Civil War by Mark Millar, that features almost the entire Marvel Universe: Spider-Man, Iron Man, the Fantastic Four, Thor, Captain America, the Punisher, etc.

The Dark Knight Returns by Frank Miller and The Killing Joke by Alan Moore are must reads for fans of the new Batman movies.

Sandman: Preludes & Nocturnes by Neil Gaiman puts a new twist on popular mythology.

Click the following link to see a list of the top 30 graphic novels of all time:
Top 30 Graphic Novels of All Time

This is only a sampling of the best the comics world has to offer. You'll find hundreds of titles for different tastes and age groups, and finding a title you can't wait to come out each month is a great way to get young people reading.

As with anything your kids are involved with, know what they are reading. Some comics contain violence and dark subject material, and knowing you're interested and involved in picking out comics will make it a more exciting experience for them.

Happy Reading!

Tuesday, September 9, 2008

At Home in Dry Creek by Janet Tronstad

Barbara Strong caught the bridal bouquet while everyone watched. Including the sheriff. Since she had moved to Dry Creek with her children it seemed that people did not trust her or accept her in their midst. Actually Sheriff Wall had asked the citizens of Dry Creek to let her get settled in her home before asking her for favors, to be on committees or do odd jobs for social functions. He also asked the ranch hands not to date her for a year. In the meantime, he had her under surveillance. Barbara's ex-husband was in prison for his part in a robbery. But the money had never been recovered and the FBI hoped Barbara would lead them to it or at least one of the other robbers. What they did not know or believe was that she was trying to forget Neal and make a new life for herself, Amanda and Bobby. Life for Barbara took on new excitement and purpose when she agreed to help Sheriff Wall with his reelection campaign. He really did not feel the need of a campaign but liked the idea of meeting with Barbara and becoming better acquainted with her. Soon Linda at the cafe in town and Mrs. Hargrove were helping Carl in his efforts to date Barbara, even though she said they were meetings, not dates. She was not interested in dating or marriage again. She just wanted to be a good mother for Amanda and Bobby. Someday, too, she hoped the people of Dry Creek would include her in their events-maybe even ask her to pour coffee at a social. The sheriff and ranch hands in the area found that she was a caring and enjoyable addition to their town.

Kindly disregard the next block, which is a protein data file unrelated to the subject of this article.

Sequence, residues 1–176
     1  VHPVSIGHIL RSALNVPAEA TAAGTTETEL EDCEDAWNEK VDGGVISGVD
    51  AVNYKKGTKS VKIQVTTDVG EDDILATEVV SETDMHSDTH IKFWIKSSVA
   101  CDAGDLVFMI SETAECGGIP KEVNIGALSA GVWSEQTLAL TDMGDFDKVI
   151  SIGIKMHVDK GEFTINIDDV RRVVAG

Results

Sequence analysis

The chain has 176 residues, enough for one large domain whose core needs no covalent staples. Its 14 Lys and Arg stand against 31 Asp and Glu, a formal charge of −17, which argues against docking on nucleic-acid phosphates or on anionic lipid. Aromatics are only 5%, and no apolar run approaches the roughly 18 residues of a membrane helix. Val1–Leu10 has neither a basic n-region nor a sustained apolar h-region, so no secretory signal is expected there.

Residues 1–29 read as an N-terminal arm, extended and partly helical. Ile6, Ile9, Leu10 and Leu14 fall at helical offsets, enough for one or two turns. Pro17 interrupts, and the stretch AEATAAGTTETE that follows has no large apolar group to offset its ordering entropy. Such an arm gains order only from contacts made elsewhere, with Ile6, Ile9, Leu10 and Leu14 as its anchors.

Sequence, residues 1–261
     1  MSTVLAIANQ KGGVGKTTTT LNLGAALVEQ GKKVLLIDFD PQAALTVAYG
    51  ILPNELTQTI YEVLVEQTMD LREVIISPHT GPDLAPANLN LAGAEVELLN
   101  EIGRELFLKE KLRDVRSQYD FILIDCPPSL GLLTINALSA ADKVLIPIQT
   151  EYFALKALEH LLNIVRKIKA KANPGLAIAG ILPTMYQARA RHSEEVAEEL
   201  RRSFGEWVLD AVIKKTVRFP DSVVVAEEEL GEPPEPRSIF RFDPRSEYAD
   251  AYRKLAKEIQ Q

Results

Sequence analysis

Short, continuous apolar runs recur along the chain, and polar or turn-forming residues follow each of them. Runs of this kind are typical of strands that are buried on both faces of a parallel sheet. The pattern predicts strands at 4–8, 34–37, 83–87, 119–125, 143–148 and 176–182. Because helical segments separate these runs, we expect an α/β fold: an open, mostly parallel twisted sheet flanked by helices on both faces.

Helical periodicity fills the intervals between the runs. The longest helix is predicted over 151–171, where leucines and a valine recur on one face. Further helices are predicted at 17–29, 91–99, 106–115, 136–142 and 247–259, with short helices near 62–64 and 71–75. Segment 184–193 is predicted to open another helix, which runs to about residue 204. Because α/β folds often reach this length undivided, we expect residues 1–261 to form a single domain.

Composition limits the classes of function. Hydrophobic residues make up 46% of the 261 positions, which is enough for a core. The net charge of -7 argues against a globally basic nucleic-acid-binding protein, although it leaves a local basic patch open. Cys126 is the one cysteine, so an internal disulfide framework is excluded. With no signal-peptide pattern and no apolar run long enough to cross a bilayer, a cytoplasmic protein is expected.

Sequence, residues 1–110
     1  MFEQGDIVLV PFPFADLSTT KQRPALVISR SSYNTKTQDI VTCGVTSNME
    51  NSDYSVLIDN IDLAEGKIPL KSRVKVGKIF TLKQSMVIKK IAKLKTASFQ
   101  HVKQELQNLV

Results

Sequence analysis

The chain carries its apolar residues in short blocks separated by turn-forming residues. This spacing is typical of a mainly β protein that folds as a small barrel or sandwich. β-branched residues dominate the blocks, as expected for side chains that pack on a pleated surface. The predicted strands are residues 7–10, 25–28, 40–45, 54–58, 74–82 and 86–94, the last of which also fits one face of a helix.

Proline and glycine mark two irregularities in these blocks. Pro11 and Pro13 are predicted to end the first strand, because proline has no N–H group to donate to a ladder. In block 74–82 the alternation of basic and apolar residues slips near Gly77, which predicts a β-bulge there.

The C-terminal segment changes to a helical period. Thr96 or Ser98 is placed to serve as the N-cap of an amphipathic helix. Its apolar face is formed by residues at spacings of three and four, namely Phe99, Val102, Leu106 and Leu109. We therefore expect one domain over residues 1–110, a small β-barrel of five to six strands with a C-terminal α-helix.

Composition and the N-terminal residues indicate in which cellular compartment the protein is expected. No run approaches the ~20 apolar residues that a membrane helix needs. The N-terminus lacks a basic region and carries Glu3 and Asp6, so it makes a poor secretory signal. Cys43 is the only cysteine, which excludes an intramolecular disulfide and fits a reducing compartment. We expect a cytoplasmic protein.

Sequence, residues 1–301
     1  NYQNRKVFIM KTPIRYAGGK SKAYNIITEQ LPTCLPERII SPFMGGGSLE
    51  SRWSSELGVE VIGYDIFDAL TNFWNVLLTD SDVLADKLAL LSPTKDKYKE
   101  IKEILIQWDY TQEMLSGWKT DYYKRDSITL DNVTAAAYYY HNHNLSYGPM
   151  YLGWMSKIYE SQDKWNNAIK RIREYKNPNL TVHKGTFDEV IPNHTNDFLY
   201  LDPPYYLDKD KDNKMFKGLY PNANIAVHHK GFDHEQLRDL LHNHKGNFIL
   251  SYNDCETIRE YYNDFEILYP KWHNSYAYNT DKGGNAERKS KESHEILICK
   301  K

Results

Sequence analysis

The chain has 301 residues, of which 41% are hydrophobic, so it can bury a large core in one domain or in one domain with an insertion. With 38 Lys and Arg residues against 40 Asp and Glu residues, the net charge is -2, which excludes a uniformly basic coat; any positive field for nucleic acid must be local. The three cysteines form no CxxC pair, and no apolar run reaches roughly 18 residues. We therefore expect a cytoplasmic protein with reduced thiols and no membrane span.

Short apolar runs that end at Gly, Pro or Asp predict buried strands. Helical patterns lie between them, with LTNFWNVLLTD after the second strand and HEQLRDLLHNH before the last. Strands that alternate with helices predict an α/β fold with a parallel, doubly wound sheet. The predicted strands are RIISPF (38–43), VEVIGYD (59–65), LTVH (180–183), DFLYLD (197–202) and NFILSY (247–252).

Saturday, September 6, 2008

Generation Dead by Dan Waters

American teenagers have begun rising from the grave soon after their deaths. Whether suicide, car accident, or worse, the teens return to their families after their funerals. But not all families want them back. Some of the undead are abandoned by all who once loved them, shunned by their community and the nation as a whole. But there are so many, and more are rising by the day. Accommodations are being made, laws are being debated, but until legislation is passed, and until people start accepting them, these “living impaired” teens will remain outsiders.